Seeing Beyond $$$

Big Fashion, Bigger Heart

This past January, Luxottica + Essilor (two big eyewear brands) merged forces to become one. While the former focuses on luxury frames, the latter makes high-end optical lenses. The deal combos brands like Ray-Ban and Clearly Contacts under one metaphorical, corporate roof.

This new mega Italo-French company has over 140,000 employees, and has products available in 150 countries. It’s a pretty serious operation that will continue to sell expensive, trendy eyewear, that is essentially fashion. And for fashion, they can charge a big premium.

Now, for another side to the story of eyewear.

He’s on a mission.

Philippe Rochette, a Montréal-based optician is looking to take on the above-mentioned $15B global empire made of glass, frames and tiny screws.

Well…not officially, but he is seeing the eyewear business in a whole new way (wink.)

Truth is, a lot of people with serious vision problems can’t afford glasses, let alone the fancy kind. There are many people in our modern society that can barely afford any type of corrective eyewear and that really don’t care about Prada’s Spring collection. They simply want to see.

Enter Bonhomme à Lunettes — French for the “glasses guy.”

Phil started this social venture back in 2006 based on the premise that glasses are not a luxury. Specifically, in his own words, his m.o. is:

“to make glasses affordable to everyone. How do I do that? It’s actually pretty simple. When you buy glasses from me, here’s what you are NOT paying for: head office space, a huge ad on a billboard along the highway, or a ‘prestigious’ name on the frame. You don’t pay for those things simply because I don’t have any of them.”

So how does he do it?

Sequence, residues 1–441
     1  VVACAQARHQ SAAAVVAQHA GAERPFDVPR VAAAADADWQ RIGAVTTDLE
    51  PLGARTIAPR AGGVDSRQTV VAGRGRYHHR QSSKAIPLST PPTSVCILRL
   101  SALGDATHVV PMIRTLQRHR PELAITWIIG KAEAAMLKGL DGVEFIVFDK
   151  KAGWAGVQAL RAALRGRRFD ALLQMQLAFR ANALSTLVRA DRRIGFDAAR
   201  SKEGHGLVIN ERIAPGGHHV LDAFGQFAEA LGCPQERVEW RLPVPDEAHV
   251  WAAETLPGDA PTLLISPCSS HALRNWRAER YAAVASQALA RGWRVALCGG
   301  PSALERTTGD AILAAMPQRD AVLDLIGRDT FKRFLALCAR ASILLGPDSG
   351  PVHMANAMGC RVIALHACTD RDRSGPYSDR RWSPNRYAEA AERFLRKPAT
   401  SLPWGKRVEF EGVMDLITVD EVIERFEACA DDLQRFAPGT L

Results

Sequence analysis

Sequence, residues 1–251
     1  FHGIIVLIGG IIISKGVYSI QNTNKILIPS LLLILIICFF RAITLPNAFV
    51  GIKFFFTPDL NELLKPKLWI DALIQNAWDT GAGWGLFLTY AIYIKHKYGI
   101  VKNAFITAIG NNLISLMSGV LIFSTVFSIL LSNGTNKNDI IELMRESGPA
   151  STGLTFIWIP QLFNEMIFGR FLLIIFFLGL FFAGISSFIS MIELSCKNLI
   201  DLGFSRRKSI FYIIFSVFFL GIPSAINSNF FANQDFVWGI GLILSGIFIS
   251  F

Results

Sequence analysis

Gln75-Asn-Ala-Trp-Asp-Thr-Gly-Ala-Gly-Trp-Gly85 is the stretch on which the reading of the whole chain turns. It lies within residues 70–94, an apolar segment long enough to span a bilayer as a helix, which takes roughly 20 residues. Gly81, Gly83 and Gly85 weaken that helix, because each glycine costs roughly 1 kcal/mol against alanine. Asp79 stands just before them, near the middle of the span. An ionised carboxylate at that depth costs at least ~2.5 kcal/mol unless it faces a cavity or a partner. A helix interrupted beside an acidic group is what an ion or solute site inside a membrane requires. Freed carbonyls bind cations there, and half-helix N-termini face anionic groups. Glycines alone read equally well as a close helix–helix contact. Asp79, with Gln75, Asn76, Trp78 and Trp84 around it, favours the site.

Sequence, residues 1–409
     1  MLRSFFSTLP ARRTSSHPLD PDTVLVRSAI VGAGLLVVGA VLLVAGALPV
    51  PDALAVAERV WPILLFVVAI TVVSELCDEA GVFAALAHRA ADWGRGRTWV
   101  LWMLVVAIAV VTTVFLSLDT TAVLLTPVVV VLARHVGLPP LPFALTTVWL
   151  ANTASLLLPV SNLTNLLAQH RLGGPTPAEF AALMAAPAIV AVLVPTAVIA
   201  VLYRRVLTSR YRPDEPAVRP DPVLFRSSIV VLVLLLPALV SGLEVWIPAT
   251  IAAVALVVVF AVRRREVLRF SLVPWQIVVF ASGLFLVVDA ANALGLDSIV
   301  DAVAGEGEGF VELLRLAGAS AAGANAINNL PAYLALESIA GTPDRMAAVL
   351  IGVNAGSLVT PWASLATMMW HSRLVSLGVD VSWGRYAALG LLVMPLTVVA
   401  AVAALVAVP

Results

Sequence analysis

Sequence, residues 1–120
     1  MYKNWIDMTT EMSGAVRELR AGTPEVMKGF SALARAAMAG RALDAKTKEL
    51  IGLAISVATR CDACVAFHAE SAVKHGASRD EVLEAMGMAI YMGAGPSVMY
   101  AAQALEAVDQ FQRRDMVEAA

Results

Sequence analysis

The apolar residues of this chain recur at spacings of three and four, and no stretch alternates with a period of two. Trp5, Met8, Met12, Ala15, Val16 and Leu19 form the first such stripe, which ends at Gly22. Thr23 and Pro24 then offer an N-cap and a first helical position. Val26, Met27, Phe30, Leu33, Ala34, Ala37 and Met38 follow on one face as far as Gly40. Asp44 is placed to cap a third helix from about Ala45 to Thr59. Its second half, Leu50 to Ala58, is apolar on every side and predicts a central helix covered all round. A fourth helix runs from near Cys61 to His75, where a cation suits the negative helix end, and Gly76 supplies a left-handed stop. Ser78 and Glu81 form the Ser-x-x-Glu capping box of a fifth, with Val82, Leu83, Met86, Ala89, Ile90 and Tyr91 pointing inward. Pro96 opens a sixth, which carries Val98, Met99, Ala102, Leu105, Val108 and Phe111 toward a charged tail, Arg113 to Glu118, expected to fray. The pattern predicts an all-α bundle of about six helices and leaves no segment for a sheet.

Unless you’ve already figured it out, he keeps the price low, because he keeps his costs low. No marketing. No glitzy corner store. His bare-bones setup allows him keep his operation lean and pass on the savings to those (visually impaired) who need it most. In fact, Phil and his team of opticians, pop up around the city (nomad-style) in food banks, community centers and shelters and go to where their “market” is located. How’s that for full service?

When asked by a reporter, “how is it that he doesn’t charge so much”, Phil wisely replies, “why is it that they [the competition] charge so much?”

The majority of his clients pay (for frames and lenses) anywhere between $100-$200. This might still seem pretty steep, but for some, the savings are everything. For them, it could be the difference between paying rent and not paying rent.

Oh ya, we forgot to mention. There are government subsidies that allow people on social welfare to pay between $0-$20 for a brand, spanking new pair of glasses from Phil. That’s what we talkin’ ‘bout!

Also, the Bonhomme à Lunettes team of opticians fixes broken frames for free. Pretty incredible stuff.

And as if this story wasn’t already awesome enough, Phil makes sure to donate $10 from every purchase to the community organization of the buyer’s choice. After 10 years, this means that nearly 70 different organizations have benefited from the 300K that he’s raised.

As someone who knows from lifelong experience (aka this writer has four eyes), having access to seeing properly is life changing. And bringing that experience to others without the need to grow the bottom line is altruism at its best.

Phil, you da man.

Extra good news >> A fellow optician buddy of Phil’s opened up a similar organization in Quebec City.

Here’s to more social eyewear pop-ups! A fashionable trend we hope to see stay en vogue.

Like what you’re reading? Sign up for more good stuff here.

One clap, two clap, three clap, forty?

By clapping more or less, you can signal to us which stories really stand out.